A wedding is the ritual where a girl becomes a woman. TantraGal knows that; that’s why she imagined a white ceremony for herself where she could walk down the aisle to claim her own womanhood, a woman even if without a man. I suspect that this is a much better considered idea than the women who get drunk and drive to Vegas just so they can get hitched to their first ex-husband and then get on with the woman part of their life.

TantraGal wonders what my ritual of claiming womanhood would look like.

It’s not the first time this has been discussed; Ann Angell and I spoke about it over a decade ago. She too imagined elements of a wedding; an aisle, a transformation, a claim.

Ms. Rachelle is a kind of expert in these matters; she wrote the text for Omega Institute on Ritual; I just helped edit her forward. Rituals are how we embody connection to God, she said, and I understand that. Hard to remember that it was ten years ago this summer that Rachel had her Bat Mitzvah, four decades after her Bar Mitzvah.

Public rituals are something I support in concept, if not in practice. My secret calling is to be pastor; the church of the divine surprise as I have termed it, a place to come together and be delighted in the surprising magic of the godspark. Yet my public position has been the penitent, marching on my knees towards something, something enlightened and unclear at the same time.

I must admit that the primary ritual I have considered is my funeral. I have never attempted suicide, but for at least thirty years writing suicide notes has let me understand what I want to kill, where my pain is. I even have stories about having them read out in an orgasm workshops, the sarcastic, ironic bit seen as new age affirmations. My laughing jag lasted almost an hour.

Poor Ms. Rachelle has plenty of notes for my funeral in her mail archive; songs, obituaries and more. She handled them gracefully, but that flow stopped a few years ago, and she has to come to this blog to get her portion of hard, brilliant and faceted cutting prose from and about me.

So what would I want if I could actually have a ceremony, and it was one I would actually have to be present and breathing for?

Well, I had a party for my high school graduation. Nobody came. I guess people would have to come. That’s one nice thing about a funeral; if no one shows, you can’t look any more embarrassed than you already are.

And “The Way You Look Tonight.” Have to play that. Probably the Sally Mayes version.

Beyond that, well, anything goes or nothing goes. Do I unveil myself? Marry myself? Do I do an obit for a past? Is their dancing? I mean, I can’t point my toes; Darlene proved that. Hell, even TantraGal’s salon is across from the apartment that both Zipkin and Santucci lived in, at different times.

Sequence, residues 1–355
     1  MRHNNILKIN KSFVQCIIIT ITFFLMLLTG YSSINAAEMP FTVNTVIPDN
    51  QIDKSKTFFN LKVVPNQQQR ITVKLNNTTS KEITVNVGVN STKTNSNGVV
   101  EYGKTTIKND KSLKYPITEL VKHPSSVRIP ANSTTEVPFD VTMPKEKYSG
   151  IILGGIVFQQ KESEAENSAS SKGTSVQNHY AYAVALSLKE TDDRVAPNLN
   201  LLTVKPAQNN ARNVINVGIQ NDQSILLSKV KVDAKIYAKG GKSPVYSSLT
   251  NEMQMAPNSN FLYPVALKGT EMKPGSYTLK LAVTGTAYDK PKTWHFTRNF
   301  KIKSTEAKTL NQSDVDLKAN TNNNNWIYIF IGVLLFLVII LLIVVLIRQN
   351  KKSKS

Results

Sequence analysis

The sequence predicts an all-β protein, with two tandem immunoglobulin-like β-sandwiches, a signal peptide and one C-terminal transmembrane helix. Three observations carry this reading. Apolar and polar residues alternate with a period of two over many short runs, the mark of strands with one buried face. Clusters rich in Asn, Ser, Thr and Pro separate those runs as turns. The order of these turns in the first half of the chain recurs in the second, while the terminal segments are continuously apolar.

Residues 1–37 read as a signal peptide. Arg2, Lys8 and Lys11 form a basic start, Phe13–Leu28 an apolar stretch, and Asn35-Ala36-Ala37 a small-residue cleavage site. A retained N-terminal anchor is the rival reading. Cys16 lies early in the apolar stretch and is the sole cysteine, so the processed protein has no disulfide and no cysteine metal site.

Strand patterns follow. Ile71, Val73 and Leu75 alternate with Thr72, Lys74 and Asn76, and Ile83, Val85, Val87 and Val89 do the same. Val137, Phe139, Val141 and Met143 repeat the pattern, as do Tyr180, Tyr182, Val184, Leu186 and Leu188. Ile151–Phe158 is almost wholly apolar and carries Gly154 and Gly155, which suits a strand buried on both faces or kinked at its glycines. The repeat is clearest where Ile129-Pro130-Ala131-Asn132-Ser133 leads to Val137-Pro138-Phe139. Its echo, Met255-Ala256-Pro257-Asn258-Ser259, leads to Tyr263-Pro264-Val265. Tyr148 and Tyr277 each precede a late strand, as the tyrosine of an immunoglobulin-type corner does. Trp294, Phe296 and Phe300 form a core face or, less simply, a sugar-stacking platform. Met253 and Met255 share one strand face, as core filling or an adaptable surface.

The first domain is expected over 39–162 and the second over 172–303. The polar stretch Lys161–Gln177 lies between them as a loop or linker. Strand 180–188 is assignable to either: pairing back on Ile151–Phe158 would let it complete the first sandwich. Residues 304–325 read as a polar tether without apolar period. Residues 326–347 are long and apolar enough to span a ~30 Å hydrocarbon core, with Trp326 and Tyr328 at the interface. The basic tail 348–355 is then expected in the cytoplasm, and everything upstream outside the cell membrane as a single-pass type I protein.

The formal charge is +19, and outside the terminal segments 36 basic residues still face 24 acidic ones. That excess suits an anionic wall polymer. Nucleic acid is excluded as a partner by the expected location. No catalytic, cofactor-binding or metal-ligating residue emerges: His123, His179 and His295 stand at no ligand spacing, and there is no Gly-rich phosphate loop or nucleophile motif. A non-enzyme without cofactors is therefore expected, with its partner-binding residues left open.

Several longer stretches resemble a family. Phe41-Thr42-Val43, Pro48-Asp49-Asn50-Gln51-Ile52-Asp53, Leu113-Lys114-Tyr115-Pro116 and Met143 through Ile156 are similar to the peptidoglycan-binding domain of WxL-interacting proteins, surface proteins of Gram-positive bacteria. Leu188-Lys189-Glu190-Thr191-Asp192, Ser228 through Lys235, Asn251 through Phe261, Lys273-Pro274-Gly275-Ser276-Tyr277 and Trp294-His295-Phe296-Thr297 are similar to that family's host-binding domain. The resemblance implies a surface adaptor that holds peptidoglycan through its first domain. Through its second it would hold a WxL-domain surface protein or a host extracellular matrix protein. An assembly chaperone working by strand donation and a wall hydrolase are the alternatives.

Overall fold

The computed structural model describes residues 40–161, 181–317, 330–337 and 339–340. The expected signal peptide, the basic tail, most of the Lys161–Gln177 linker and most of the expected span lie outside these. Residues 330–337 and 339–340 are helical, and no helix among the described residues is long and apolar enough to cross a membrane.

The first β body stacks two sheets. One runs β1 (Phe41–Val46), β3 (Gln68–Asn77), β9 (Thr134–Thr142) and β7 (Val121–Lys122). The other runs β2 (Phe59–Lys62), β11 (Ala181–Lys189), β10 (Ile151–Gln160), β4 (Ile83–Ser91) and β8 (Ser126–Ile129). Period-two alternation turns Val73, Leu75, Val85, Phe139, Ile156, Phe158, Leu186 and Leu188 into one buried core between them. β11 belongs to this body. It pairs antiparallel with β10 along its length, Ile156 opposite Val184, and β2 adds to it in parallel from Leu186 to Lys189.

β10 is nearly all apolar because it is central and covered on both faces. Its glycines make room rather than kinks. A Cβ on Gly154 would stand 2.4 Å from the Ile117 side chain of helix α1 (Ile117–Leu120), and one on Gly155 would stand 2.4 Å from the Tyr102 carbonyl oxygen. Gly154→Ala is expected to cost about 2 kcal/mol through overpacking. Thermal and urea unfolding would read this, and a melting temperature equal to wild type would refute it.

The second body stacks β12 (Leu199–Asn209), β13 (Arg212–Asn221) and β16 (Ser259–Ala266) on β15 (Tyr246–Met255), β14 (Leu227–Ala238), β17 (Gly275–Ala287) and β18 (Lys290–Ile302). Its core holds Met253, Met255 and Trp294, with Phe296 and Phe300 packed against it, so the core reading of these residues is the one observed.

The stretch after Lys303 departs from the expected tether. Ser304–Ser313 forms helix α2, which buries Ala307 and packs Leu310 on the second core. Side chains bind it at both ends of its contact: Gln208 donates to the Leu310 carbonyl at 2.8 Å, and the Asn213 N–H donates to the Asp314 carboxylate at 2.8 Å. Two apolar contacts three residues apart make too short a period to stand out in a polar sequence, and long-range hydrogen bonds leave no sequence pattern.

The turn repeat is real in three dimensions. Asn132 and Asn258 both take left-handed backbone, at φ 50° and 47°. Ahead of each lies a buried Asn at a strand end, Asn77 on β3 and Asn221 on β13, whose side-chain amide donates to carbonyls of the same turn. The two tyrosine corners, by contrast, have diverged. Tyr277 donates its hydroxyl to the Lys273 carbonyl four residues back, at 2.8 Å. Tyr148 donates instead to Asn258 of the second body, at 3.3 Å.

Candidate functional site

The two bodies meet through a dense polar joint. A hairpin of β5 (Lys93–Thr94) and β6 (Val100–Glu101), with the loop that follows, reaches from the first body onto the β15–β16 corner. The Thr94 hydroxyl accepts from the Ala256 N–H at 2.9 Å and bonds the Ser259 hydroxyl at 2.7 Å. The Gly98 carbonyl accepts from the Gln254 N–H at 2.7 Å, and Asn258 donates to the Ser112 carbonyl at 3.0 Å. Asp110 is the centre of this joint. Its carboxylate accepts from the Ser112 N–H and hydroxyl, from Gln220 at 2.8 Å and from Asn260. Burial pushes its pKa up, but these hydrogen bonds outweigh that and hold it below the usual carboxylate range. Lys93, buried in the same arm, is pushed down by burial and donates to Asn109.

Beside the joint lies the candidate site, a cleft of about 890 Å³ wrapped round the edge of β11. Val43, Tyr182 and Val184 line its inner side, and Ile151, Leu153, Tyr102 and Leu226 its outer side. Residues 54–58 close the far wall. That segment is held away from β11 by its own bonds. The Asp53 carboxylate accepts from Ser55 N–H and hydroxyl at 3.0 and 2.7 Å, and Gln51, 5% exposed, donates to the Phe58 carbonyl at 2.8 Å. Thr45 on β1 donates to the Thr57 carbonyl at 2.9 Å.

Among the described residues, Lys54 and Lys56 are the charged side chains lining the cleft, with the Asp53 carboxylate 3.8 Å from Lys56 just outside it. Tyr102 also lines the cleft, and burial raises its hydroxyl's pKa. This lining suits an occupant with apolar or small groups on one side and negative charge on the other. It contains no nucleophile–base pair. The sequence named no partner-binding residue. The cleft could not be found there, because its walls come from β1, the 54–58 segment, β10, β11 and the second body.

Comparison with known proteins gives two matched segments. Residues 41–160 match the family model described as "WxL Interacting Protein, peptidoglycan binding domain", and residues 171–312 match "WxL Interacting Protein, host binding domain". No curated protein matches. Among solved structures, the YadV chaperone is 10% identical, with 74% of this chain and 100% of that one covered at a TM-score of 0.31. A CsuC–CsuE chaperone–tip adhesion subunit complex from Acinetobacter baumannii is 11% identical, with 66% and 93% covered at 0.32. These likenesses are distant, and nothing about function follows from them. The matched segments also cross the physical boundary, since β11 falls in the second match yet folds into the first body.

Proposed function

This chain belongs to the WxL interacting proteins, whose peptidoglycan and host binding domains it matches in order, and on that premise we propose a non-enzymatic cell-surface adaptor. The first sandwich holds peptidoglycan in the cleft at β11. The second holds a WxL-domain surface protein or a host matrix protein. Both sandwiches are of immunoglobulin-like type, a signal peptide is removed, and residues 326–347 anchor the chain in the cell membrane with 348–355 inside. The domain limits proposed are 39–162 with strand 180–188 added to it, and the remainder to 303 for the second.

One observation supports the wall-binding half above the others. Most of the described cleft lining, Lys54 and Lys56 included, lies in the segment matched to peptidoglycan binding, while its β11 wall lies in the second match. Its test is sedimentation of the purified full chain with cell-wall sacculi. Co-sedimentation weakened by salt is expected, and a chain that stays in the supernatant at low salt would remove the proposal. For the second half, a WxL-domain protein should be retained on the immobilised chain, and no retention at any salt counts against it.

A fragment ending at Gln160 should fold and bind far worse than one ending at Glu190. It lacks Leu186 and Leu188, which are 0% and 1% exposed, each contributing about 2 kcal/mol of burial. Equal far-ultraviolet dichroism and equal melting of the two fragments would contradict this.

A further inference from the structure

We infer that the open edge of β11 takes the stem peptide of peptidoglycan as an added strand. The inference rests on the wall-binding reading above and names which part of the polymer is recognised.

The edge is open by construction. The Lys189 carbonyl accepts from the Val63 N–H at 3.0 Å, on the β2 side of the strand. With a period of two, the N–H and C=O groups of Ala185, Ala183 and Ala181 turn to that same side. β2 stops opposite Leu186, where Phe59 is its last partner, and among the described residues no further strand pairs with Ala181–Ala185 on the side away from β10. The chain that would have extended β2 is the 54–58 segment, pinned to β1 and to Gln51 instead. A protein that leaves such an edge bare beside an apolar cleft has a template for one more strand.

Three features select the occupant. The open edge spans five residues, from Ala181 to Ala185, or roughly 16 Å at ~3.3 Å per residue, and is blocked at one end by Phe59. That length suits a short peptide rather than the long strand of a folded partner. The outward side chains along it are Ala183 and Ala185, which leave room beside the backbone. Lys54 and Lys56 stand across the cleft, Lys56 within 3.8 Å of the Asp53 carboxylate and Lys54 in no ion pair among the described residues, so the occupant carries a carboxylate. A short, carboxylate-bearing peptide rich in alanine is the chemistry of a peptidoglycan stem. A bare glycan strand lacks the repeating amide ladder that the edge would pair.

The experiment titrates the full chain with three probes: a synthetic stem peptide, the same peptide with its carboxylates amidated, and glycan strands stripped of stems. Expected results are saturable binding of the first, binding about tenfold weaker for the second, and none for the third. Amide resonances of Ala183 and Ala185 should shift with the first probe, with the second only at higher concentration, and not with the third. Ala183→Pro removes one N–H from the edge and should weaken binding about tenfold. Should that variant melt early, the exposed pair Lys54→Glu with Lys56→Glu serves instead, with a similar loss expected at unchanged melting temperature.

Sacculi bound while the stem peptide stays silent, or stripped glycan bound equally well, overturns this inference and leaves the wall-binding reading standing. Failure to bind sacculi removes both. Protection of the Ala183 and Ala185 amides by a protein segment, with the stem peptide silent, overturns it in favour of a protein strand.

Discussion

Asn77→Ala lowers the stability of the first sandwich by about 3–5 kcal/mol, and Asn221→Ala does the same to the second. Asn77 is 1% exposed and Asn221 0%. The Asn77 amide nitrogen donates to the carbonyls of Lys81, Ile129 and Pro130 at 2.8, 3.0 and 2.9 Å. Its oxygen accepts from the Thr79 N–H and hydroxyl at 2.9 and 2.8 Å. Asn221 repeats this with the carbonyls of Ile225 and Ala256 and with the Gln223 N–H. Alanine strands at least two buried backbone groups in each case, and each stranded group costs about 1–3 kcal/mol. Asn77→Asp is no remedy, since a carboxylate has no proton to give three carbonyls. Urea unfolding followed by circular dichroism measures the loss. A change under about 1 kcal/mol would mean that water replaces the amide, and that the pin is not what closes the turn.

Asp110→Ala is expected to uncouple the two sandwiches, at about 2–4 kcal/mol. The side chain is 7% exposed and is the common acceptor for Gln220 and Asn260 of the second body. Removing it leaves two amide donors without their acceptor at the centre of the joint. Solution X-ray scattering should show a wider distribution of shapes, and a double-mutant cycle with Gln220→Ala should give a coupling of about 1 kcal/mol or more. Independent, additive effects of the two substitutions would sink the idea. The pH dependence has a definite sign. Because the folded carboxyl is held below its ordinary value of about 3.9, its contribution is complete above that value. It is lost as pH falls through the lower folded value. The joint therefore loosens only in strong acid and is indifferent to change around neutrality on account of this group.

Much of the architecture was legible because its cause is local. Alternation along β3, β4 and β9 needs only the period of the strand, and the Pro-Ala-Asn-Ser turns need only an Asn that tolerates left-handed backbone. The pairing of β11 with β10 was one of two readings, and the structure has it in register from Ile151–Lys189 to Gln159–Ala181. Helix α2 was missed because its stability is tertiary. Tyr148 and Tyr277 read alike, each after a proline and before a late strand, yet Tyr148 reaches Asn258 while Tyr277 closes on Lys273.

I suspect that the real key to any ritual for me is that it has to have some “don’t go there” intensity. I remember sitting at the sea wall in Marshfield in the 1964 Chevelle, the pounding of the storm fueled waves calming the beating of my heart, or driving to the top of the hill in the thunderstorm so I could get out of the car, get soaked and get connected. To me, God is not some still small voice, rather she is the crashing sizzle of change, the swirl of power, the rhythm of life.

“I like to kill my audience so that they can enjoy the shock of rebirth as much as I do.” Yeah. I said that.

How do you get that energy into a room without freaking everyone out? I mean, even if you could invite Kiki & Herb, would more than cacophony get though?

For me, the breakthrough is becoming comprehensible rather than being divinely ambiguous.   I have done that through finding my own center, through words, thoughts and belief, which have lead to consistent and appropriate presentation.  I know that I am centered, and Tantragal — and others – see that.

To do that through becoming apparently normative, though, well, not going to happen.

What is the ritual that affirms, completes and defines a moment of transition?  Is it more like a beauty pageant, where Gary Collins kisses you and throws a sash around you: “Ms. Callan 2008?”  Heck I know I already have the housekeeper / emotional caretaker part of being a woman down cold.

My need from any ritual isn’t some kind of validation.  I had to work that out between me and my mother in the sky.

Instead, I need social permission to make the choices of a woman, choices I avoid for the comfort of others and for my own sense of safety.   These may be as simple as wearing the same bubblegum pink polish that TantraGal has on her toes, or as difficult as flirting with people.

You wanna make everyone give me a rose?  Wouldn’t that freak them out?  Wouldn’t that be as cheezy as The Bachelor, me wondering when I won’t get one?

Yeah, I wonder about what an emergence ritual would look like too, I guess.

But like any good ritual, it’s scary as hell to me.

Scary after a half century of denial.